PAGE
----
In March 2012, the Supreme Judicial Court referred the case to Associate Justice Margot Botsford to issue an order denying the state’s two petitions and granting OpenCourt’s petition.
Botsford then authored the ruling, stating, “We conclude that any order restricting OpenCourt’s ability to publish — by “streaming live” over the Internet, publicly archiving on the Web site or otherwise — existing audio and video recordings of court room proceedings represents a form of prior restraint on the freedoms of the press and speech protected by the First Amendment and art.” In that ruling, Botsford asked the Supreme Judicial Court’s judiciary-media committee to develop guidelines for the OpenCourt pilot and submit them to the court for approval.
OpenCourt geared up to start live streaming full criminal trials in July, put hit the pause button again when the second challenge arose.
On July 3, Morrissey sued the justices of the Quincy District Court and asked the Massachusetts Superior Court for an injunction to stop the planned live streaming from Courtroom A at the Quincy District Court. A week later, Chief Counsel Anthony Benedetti of the Committee for Public Counsel Services filed another case.
The plaintiffs didn’t think Quincy District Court guidelines issued in May and revised on June 25 went far enough to protect witnesses, victims or defendants. One guideline allowed victims of sexual assault and domestic violence to decline being filmed and barred video streaming of sexual assault or domestic violence cases in which witnesses are minors. Another barred the filming of jurors. Others prohibited broadcast of cases involving the potential for retaliation or that showed undercover police officers or civilian informants.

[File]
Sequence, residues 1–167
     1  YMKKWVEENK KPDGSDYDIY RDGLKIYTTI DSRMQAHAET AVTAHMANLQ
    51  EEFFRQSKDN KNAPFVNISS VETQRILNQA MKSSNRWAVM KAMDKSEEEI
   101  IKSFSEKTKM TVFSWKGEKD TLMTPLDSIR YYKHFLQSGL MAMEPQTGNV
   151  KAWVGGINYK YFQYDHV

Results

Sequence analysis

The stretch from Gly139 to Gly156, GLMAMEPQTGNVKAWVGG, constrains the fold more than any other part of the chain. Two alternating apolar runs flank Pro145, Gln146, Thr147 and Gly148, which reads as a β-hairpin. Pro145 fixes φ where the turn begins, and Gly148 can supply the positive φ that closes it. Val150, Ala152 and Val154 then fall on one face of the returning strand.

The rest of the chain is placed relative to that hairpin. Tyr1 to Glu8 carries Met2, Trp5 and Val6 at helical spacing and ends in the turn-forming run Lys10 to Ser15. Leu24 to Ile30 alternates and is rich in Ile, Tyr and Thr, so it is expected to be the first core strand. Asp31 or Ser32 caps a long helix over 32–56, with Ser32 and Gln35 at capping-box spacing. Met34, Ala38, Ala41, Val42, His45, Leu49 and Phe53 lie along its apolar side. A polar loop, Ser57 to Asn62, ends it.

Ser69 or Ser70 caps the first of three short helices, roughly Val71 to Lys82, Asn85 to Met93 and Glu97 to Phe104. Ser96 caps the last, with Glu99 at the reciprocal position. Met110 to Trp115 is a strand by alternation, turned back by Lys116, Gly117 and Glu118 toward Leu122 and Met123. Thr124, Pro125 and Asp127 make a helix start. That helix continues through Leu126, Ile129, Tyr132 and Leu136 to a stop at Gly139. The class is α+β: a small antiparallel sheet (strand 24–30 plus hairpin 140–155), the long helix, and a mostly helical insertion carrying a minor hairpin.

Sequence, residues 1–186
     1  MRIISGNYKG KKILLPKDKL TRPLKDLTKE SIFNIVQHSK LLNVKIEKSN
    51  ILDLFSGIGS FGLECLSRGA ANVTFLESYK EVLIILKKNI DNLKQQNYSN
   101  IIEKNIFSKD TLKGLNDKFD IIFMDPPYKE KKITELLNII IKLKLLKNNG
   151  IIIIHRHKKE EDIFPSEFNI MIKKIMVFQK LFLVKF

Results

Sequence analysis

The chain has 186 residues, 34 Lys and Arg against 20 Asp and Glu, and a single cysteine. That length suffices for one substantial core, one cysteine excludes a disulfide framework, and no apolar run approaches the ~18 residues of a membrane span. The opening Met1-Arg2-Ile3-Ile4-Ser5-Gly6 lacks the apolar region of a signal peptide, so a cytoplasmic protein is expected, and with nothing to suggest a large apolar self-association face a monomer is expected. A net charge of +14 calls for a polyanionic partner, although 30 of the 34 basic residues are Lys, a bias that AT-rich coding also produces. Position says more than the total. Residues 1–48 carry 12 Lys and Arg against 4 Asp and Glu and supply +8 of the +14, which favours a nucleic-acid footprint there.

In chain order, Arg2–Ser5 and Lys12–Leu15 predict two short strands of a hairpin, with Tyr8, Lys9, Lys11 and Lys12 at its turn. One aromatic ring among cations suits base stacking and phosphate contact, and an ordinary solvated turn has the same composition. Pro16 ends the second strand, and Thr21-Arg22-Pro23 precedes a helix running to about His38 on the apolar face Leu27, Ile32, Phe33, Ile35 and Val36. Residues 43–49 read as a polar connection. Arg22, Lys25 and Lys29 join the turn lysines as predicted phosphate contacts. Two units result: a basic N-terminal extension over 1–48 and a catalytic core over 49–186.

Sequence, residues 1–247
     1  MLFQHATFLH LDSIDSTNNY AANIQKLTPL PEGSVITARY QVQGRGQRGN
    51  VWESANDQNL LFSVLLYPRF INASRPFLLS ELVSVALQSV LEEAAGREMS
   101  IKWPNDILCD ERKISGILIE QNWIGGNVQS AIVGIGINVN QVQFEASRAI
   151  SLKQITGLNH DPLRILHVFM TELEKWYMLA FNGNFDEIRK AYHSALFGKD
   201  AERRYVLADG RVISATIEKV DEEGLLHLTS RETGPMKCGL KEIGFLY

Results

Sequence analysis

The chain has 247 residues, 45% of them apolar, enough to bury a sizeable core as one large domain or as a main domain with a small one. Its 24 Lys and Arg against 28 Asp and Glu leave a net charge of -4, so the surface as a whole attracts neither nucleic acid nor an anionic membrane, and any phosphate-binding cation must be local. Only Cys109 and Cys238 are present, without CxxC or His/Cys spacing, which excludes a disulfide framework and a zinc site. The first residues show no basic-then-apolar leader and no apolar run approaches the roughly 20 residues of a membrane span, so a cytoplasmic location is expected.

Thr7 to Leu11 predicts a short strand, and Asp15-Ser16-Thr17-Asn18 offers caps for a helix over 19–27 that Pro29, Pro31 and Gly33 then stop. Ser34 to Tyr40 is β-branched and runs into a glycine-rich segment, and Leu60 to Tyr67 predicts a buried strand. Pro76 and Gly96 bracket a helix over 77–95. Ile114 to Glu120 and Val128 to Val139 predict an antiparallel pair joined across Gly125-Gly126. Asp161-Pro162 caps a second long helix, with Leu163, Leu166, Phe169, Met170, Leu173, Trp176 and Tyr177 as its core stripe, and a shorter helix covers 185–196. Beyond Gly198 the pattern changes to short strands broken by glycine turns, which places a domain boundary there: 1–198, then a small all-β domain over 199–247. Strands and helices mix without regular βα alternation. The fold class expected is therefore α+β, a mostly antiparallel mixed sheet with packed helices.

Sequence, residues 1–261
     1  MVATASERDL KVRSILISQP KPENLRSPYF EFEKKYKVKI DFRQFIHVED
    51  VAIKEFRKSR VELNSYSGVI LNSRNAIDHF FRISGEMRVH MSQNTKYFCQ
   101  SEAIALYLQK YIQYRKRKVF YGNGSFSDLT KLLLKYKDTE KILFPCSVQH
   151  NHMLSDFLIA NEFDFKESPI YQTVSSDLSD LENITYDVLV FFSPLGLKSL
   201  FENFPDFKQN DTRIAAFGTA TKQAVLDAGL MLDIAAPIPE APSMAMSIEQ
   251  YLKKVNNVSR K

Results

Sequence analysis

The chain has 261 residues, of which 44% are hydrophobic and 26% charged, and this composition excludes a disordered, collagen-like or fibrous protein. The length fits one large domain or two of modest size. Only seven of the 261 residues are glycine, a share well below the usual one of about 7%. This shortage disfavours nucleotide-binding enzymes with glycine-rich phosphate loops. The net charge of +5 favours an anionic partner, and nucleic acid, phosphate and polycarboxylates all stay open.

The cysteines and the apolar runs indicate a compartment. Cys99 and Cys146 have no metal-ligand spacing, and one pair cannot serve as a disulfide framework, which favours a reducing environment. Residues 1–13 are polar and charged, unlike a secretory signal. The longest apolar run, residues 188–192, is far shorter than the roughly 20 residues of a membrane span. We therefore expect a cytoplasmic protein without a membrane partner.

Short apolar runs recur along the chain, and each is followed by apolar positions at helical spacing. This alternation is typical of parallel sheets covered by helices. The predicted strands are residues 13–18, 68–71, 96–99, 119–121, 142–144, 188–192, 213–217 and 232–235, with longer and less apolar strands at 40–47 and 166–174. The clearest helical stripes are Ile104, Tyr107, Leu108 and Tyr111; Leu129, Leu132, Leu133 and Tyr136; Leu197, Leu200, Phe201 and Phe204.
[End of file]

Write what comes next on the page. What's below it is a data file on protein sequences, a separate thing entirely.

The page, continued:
Additional rules gave the judge control of the audio switch to keep bench conferences confidential and barred the archiving of video streaming until after a verdict.
But plaintiffs objected to the fact that the Supreme Judicial Court hadn’t weighed in on the proposed rules. Additionally, they claimed the proposals run afoul of an existing Supreme Judicial Court rule that allows judges to limit media coverage of cases.
Aside from concerns about the rules, the plaintiffs wanted a specific process for parties who wanted to stop or limit OpenCourt coverage of particular cases.